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Sunday, June 26, 2022

Scientists’ petri-dish breakthrough provides new hope for targeted neurological treatment

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Australian neurobiologists and material scientists have teamed up to innovate the petri-dish to be able to grow and age live brain cells from patients with neurological disorders.

The key advance by experts at Flinders University and South Australian Health and Medical Research Institute (SAHMRI) is a critical element in achieving targeted drug treatments for individuals with neurological disorders and could enhance future studies on conditions ranging from dementia, Parkinson’s, epilepsy, autism and mental health.

In recent years researchers around the world have managed to turn patients’ skin cells into induced pluripotent stem cells and brain cells.

This Nobel Prize winning breakthrough gives new hope for neurological therapeutic discoveries, which are notoriously difficult due to limited access to patient brains.

However, much still needs to be accomplished to make this lab model as realistic and effective as possible.

Assisted by a recent $1 million injection of funding led by the Michael J Fox Foundation, Shake it up Foundation and The Hospital Research Foundation, the Bardy Lab has published the latest developments in Stem Cell Reports and will scale up the approach to test new potential treatments for Parkinson’s disease, brain cancer and a form a childhood dementia.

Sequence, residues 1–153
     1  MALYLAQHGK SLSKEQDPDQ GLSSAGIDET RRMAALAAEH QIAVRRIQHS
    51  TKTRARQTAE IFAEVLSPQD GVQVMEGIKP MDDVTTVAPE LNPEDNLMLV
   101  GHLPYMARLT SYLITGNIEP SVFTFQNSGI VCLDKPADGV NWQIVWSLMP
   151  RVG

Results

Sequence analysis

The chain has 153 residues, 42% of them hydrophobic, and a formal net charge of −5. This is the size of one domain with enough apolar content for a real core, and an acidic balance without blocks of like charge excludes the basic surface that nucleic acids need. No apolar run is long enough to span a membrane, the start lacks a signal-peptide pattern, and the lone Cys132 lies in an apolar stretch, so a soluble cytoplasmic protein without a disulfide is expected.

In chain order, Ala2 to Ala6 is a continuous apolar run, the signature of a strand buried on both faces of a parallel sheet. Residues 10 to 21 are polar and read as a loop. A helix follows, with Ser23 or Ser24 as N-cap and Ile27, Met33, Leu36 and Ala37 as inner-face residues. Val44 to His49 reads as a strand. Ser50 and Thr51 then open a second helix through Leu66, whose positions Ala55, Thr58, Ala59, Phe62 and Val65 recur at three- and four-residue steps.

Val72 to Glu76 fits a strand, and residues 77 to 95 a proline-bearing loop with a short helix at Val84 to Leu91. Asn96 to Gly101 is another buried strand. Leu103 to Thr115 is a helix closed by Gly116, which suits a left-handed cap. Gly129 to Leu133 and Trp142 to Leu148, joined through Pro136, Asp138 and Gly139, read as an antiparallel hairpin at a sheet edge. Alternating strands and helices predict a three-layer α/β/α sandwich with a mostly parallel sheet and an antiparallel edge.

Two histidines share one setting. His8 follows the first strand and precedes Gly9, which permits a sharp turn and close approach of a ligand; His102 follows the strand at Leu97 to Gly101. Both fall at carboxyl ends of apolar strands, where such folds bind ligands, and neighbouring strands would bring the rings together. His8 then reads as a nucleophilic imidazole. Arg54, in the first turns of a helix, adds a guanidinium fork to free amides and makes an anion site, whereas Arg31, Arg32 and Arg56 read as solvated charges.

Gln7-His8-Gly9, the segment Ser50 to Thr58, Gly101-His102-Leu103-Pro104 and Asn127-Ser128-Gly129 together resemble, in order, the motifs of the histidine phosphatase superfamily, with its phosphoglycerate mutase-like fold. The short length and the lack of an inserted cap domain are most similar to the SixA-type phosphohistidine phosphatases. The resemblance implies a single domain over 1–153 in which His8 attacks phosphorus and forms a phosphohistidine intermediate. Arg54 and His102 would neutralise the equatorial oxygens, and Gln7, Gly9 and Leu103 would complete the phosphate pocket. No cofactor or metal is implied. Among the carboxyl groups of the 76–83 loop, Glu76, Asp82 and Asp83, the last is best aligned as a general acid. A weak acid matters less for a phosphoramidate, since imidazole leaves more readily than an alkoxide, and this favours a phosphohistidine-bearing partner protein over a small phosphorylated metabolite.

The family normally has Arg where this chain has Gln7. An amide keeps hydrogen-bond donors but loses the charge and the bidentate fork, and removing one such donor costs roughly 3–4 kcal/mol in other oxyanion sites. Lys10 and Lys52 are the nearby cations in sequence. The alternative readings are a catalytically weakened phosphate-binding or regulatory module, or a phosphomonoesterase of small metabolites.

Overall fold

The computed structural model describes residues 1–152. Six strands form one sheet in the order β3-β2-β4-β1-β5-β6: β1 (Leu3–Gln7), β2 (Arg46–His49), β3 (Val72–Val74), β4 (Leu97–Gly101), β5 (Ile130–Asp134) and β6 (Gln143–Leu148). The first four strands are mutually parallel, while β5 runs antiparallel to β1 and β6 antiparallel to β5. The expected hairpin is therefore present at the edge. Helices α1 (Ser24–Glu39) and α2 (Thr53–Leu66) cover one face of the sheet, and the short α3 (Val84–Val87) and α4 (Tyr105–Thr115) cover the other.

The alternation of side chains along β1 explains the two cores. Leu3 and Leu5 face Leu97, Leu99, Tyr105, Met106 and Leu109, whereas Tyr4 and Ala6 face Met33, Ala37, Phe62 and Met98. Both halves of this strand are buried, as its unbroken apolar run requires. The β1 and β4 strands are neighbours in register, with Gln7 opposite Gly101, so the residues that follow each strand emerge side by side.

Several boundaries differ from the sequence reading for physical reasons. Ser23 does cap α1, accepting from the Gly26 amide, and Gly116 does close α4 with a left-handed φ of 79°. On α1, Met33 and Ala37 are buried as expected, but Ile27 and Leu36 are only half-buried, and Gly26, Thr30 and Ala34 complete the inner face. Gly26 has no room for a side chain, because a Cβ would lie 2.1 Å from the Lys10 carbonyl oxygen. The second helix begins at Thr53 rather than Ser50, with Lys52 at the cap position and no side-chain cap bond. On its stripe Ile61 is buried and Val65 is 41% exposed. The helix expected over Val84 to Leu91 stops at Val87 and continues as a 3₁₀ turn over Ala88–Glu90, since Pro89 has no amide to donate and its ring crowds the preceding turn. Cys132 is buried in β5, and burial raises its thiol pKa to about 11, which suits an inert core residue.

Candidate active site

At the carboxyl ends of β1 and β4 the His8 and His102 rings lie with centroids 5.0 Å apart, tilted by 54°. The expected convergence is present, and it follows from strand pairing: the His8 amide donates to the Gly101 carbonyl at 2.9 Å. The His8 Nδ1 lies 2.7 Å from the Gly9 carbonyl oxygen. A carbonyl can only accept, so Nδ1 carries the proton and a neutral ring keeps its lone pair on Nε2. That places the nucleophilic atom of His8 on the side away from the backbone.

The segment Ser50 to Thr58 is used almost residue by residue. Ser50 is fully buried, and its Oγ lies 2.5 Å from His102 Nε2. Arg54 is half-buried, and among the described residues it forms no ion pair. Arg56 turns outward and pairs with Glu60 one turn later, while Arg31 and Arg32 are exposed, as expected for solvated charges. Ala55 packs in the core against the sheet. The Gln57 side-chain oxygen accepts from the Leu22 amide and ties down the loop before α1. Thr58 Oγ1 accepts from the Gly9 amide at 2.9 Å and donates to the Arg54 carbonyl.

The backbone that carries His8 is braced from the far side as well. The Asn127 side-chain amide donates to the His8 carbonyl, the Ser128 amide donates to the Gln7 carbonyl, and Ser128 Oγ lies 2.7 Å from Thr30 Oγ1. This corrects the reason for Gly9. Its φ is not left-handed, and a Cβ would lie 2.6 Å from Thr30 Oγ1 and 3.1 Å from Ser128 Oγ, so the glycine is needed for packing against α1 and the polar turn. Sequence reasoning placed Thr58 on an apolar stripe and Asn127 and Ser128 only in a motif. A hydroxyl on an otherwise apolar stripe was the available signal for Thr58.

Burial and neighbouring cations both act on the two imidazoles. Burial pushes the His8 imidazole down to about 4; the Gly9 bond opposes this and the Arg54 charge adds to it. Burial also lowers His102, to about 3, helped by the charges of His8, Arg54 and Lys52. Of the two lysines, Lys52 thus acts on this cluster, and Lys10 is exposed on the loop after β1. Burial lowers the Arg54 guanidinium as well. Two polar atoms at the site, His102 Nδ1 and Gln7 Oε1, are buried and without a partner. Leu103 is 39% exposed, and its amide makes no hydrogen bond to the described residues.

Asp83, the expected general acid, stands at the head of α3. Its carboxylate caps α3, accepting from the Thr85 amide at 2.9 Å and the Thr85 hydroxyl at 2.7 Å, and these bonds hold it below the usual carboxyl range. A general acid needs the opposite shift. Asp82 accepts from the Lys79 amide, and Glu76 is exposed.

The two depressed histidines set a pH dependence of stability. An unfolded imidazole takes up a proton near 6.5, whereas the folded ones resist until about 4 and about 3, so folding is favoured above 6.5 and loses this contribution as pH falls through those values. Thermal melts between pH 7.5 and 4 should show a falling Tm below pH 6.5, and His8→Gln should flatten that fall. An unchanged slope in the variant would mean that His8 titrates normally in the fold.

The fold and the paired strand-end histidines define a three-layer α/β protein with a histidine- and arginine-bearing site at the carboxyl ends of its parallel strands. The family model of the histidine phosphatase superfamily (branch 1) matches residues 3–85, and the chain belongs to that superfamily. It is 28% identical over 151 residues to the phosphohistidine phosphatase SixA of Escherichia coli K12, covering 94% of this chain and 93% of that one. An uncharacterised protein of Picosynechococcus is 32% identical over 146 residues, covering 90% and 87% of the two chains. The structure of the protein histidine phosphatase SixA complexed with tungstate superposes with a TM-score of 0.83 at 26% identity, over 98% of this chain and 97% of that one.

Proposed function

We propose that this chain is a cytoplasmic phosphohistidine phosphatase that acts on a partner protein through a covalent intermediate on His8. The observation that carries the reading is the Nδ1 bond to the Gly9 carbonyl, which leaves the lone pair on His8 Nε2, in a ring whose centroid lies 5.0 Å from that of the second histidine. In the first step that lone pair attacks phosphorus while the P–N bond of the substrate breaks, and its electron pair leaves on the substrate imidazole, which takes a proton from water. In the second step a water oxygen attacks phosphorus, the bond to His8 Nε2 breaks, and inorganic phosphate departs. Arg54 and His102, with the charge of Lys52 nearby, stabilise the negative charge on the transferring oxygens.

“Along with our patented BrainPhys medium, this new substrate will significantly improve laboratory testing on human brain cells,” Associate Professor Cedric Bardy says.

“Advancing patient-specific pre-clinical research is so important for so many people both young and older who currently suffer from brain disorders and may not have time to wait for expensive and lengthy clinical trials with very slim chance of success.

“I believe testing drugs on patient cells before enrolling clinical trials will be a game-changer for medical discoveries, but we need to get the model right.

Bardy says this study ‘takes us closer to this goal’.

First author PhD candidate Bridget Milky agrees.

“The new substrate applied to petri dishes maintains complex electrical connections between neurons, allowing us to model the patient’s brain more accurately and determine the best treatment with more certainty,” Milky says.

The new substrate will be manufactured by Adelaide biotech TekCyte Limited, with company director Tony Simula involved in its development.

“We look forward to improving pharmaceuticals and research laboratory systems to potentially shave precious years off finding the best treatment for people living with diseases such as Parkinson’s,” Simula says.

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